Vari-Colored Songs is the best example of why I LOVE the fact that half the albums of our weekly series are chosen by Robin. I would never have chosen this album. Even if I had stumbled across it and listened to a few songs, I’m pretty sure I would not have given it a chance to win me over the way it has. Robin has great taste, though, and it is different enough from mine that it brings me places I would never go otherwise. I count myself lucky to have a partner in this project and in all others who helps me see and react to a broader world.
Why would I have been close-minded to this album if left to my own devices? Perhaps because the cynic in me struggles with the earnestness of a project like this. Leyla McCalla is a classically-trained cello player who tours with the Carolina Chocolate Drops. This album comes from a Kickstarter project in which she wrote: “What began several years ago as an inspired idea to set a Langston Hughes poem to music, has since flowered into a very personal exploration of African-American and Haitian history through song. Vari-Colored Songs is an album that has been waiting at least 5 years to be made! The moment is ripe and the momentum is strong!!!”
You’ve got to admit the cynical me has a point. Langston Hughes tends to bring out the worst in people, and a middle-aged white male Irish-Polish-American might not find much flowering in a “very personal exploration of African-American and Haitian history through song.” I mean, the cynical me has no problem at all with Leyla McCalla, born in New York to Haitian parents, doing personal exploration, but I’ll be just fine sticking to my own personal exploration through the Elders and maybe some Flogging Molly. I think there’s a bit of cultural segregationist in each of us at some level. Perhaps not, in which case there’s my confessional.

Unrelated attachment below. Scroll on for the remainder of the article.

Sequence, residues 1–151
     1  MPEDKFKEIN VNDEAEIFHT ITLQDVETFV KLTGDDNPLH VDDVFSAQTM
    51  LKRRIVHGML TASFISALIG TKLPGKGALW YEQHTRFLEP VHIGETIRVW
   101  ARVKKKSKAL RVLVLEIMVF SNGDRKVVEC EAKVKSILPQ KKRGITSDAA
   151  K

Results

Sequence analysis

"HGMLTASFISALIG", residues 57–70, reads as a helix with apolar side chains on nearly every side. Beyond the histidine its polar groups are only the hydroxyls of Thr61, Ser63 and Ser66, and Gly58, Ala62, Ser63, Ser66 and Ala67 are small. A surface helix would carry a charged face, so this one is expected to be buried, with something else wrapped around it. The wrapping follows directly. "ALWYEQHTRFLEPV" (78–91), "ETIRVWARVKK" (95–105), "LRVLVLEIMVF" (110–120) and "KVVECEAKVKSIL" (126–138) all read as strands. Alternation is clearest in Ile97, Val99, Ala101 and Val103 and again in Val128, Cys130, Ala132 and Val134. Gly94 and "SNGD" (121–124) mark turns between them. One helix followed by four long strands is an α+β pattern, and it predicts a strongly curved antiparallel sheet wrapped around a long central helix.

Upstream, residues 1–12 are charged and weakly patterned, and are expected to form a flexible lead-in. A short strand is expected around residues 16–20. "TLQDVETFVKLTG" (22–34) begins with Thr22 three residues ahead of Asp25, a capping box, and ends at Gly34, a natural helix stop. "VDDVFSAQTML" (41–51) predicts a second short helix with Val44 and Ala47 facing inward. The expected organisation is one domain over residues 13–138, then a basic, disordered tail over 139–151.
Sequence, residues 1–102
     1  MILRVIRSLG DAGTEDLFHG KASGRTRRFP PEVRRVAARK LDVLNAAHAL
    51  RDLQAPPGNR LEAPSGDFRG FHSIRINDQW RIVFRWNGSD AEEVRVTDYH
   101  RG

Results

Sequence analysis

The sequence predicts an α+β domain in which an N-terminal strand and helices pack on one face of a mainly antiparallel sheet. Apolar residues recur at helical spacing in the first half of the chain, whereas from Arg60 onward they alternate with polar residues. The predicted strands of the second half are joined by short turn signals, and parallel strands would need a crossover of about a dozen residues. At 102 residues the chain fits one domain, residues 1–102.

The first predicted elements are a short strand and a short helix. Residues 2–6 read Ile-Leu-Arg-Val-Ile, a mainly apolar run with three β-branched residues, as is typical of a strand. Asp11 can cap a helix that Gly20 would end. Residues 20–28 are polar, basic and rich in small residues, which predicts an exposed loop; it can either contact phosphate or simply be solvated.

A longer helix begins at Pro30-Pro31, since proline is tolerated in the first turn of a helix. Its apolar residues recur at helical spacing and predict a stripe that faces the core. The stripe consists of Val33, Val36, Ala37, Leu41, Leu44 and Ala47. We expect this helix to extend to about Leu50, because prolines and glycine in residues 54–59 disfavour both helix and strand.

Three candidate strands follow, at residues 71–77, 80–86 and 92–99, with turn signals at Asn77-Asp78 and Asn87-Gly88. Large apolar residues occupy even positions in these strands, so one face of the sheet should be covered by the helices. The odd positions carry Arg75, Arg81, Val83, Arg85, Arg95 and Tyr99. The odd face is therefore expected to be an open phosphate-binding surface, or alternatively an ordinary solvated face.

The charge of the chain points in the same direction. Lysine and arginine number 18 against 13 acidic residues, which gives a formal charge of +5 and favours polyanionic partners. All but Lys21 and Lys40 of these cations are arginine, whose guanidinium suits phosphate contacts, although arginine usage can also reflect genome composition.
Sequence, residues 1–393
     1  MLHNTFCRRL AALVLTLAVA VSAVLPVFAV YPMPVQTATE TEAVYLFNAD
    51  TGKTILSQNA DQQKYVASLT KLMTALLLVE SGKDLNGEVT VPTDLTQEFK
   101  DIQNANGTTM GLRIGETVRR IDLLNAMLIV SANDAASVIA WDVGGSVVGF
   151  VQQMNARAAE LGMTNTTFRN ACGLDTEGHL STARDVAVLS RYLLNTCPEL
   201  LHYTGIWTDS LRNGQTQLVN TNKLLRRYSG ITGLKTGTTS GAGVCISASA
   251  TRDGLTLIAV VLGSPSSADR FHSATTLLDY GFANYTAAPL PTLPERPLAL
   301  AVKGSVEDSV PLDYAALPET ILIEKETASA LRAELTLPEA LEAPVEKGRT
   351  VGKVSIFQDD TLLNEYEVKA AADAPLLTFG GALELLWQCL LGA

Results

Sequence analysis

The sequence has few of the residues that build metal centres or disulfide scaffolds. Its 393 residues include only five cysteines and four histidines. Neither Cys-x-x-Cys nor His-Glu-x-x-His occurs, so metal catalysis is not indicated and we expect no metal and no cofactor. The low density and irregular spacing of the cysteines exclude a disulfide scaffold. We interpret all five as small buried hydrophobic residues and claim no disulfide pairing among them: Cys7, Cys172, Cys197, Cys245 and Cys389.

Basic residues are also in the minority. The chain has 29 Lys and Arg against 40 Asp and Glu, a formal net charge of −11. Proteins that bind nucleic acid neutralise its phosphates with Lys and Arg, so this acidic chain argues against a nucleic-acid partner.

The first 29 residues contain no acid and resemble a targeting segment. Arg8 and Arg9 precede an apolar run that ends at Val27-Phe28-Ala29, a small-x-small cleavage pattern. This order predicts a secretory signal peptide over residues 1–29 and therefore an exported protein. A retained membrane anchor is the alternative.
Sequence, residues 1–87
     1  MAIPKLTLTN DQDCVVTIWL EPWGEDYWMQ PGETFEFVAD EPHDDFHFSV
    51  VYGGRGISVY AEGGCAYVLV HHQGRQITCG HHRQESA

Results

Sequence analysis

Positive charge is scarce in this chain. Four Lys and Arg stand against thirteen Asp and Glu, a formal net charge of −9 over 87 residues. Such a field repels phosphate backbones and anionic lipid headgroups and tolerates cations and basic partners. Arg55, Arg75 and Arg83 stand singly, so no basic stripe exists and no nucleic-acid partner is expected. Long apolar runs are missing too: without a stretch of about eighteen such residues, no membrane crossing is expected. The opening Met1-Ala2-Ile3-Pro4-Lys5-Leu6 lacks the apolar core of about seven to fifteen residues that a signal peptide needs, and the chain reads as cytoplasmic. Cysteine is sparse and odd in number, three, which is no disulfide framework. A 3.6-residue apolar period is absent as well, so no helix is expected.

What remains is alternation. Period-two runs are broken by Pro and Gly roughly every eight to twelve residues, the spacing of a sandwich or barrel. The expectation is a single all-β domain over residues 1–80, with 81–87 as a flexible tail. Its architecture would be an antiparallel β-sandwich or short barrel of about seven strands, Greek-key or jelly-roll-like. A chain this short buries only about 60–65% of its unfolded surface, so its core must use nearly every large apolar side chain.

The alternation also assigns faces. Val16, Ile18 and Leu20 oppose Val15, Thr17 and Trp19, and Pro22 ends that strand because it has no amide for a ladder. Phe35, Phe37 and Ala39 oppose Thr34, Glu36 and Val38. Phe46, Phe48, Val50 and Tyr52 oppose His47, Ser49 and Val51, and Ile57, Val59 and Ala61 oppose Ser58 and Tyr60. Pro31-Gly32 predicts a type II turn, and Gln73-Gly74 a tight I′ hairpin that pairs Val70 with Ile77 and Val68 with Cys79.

But Robin signed me up for this “very personal exploration,” like it or not, and sure enough, I wound up enthusiastic about stuff way outside my normal zone. This is a great album with arrangements that are so naked that it feels voyeuristic to listen in on them. She has a tremendous warm voice that she trusts to engage naturally – no histrionics or bogus vibrato. It is personal, as promised, but welcoming.
Perhaps the most surprising aspect of the album is how well the poetry of Langston Hughes adapts to song form. I have an almost unlistenable CD of WB Yeats’ poetry performed by the Waterboys (see, I told you about that Irish side of me!) where they approach the poems as something separate from themselves. They treat them reverently and, as a result, the album is not much more fun that a dusty seminar. In songs like Songs for a Dark Girl and Too Blue, though, Leyla McCalla just flat out inhabits the poems and makes them her own. Too Blue is downright funny – and McCalla was wise to perceive the humor in the poem and bring it out front and center.
TS Eliot, a fellow Missourian to Langston Hughes, wrote that “Immature poets imitate; mature poets steal; bad poets deface what they take, and good poets make it into something better, or at least something different.” (Go read the article if you like that quotation – the author was annoyed by the frequent misquotation attributed to Picasso, and tracked down the truth.) I’m not sure that McCalla really makes Hughes different – I think she enhances him and makes us love his words on a different level.
There’s much more than Langston Hughes on this album – several Haitian folk songs and some great string music. They’re so enjoyable that my mind doesn’t even struggle to decipher the foreign language – I wind up just shutting that part of my brain down and enjoying the sound.
Next up: Stockholm, by Chrissie Hynde (We have a lot going on in the real world this week, and this album won’t be released till Tuesday, so we might wind up taking a week off. Or not. We’ll see!)